Evans applied the “Page 99 Test” to his new book, Seeking Good Debate: Religion, Science, and Conflict in American Public Life, and reported the following:
Religion and science sometimes conflict in public life. But mostly they don't. What explanation accounts for both of these situations? Turns out it's difficult to answer this question by only looking at instances of conflict between science and religion. Despite a few prominent examples like human origins or stem cell research, conflicts between religion and science are rare in public life.Learn more about Seeking Good Debate at the University of California Press website.
Instead, Seeking Good Debate treats this question about religion and science as a question about how public debate works. Drawing on theory from science and technology studies, Seeking Good Debate shows that elites who make arguments in mass media are usually just seeking credibility for themselves, not trying to engage with others. Page 99 discusses this point:But the concept of credibility is even more useful for explaining the instances when conflict does not occur. Not all attempts to gain credibility are contests between individuals. The pursuit of credibility, even in the public sphere, does not actually require engagement with an opponent. Being seen as important and as advancing your agenda can increase your legitimacy and attract supporters, even if you never defeat an opponent in single (discursive) combat. In the debates considered in this study, this is the far more common situation between religion and science. Conflict is rare. But many representatives, especially the most visible ones, are pursuing public credibility without engaging in conflict, or even engaging at all.Why is this important? As earlier chapters show, Americans think that good debate means engaging in open, ongoing debate. So when the most prominent voices on an issue do not engage with each other, and instead trumpet their own arguments in public, Americans see them as undermining good debate. The result is that ordinary Americans see those prominent elites as sources of conflict, even though those elites often aren't even speaking to each other.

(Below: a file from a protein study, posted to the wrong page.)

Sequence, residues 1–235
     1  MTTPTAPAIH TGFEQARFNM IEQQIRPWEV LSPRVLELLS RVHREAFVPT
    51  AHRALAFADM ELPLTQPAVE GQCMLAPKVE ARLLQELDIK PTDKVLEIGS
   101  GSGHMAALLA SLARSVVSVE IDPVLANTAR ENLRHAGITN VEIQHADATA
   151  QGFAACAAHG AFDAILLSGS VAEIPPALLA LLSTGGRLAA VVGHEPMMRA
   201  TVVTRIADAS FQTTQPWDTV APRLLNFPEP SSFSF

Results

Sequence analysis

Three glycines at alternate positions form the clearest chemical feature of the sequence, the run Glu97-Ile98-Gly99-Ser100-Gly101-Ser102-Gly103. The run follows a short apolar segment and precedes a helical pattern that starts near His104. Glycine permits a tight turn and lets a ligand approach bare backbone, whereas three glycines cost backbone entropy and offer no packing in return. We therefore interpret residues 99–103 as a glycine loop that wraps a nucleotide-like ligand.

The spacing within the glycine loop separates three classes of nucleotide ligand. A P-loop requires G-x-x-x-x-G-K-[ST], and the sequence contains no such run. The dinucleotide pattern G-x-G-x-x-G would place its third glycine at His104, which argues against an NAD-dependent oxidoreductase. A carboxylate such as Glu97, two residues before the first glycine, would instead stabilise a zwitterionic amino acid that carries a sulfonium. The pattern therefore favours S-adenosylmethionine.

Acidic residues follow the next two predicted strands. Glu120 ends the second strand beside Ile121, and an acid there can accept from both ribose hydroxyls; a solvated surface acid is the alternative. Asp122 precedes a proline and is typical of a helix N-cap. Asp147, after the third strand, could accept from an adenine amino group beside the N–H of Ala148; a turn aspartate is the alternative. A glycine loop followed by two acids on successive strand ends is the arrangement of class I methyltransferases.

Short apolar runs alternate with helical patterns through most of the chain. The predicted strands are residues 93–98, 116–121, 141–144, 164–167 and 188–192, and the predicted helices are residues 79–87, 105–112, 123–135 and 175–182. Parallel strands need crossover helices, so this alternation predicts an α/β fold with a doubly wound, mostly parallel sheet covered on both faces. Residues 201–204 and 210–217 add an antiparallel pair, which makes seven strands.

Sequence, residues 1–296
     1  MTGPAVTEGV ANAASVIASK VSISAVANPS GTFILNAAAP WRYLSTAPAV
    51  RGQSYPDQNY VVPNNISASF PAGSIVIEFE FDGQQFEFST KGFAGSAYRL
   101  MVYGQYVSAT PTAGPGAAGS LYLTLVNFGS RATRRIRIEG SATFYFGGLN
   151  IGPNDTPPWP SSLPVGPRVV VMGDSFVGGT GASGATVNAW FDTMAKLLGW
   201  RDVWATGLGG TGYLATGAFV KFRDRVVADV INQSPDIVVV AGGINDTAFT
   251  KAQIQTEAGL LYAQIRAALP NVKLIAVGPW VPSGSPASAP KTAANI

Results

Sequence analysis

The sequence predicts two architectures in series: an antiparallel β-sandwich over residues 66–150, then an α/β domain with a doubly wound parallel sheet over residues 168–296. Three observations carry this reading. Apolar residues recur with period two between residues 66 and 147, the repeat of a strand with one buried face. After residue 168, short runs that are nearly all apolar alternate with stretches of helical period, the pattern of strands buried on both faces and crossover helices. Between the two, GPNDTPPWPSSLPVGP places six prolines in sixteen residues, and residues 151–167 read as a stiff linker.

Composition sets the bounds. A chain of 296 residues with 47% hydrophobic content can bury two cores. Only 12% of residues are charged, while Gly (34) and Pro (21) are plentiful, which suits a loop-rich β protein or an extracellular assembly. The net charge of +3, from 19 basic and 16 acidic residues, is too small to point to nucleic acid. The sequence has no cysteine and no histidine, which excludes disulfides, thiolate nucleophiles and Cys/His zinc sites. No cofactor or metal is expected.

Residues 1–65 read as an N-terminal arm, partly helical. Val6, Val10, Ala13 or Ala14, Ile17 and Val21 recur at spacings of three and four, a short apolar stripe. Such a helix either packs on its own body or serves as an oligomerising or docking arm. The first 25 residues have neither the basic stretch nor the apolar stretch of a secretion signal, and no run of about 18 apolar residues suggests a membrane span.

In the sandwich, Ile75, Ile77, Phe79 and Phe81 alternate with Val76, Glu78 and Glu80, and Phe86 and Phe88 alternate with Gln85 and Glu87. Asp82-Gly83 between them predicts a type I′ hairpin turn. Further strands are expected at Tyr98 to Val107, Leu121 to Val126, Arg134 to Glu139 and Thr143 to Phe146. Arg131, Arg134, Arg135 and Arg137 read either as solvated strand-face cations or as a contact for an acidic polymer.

The rest of Seeking Good Debate shows how this situation affects religion and science in particular. When those leading voices are identifiable as religion or science representatives, people see religion and science as being in conflict, not because elites are engaged in contentious interactions, but because these public representatives of science and religion are seen as undermining good debate. So, despite all the efforts to bring science and religion into dialogue or harmony, the deeper conflict over good debate remains.